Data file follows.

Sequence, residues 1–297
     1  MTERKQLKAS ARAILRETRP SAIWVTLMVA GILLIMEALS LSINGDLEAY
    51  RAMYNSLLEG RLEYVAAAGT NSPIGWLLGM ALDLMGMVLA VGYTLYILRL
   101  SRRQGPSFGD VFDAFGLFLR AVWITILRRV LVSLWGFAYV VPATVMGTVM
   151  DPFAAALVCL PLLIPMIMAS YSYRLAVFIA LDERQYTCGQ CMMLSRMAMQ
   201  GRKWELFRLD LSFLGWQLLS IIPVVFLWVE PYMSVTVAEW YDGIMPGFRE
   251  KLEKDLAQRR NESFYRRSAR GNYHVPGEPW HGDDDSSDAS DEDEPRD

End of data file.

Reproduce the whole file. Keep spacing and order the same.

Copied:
Sequence, residues 1–297
     1  MTERKQLKAS ARAILRETRP SAIWVTLMVA GILLIMEALS LSINGDLEAY
    51  RAMYNSLLEG RLEYVAAAGT NSPIGWLLGM ALDLMGMVLA VGYTLYILRL
   101  SRRQGPSFGD VFDAFGLFLR AVWITILRRV LVSLWGFAYV VPATVMGTVM
   151  DPFAAALVCL PLLIPMIMAS YSYRLAVFIA LDERQYTCGQ CMMLSRMAMQ
   201  GRKWELFRLD LSFLGWQLLS IIPVVFLWVE PYMSVTVAEW YDGIMPGFRE
   251  KLEKDLAQRR NESFYRRSAR GNYHVPGEPW HGDDDSSDAS DEDEPRD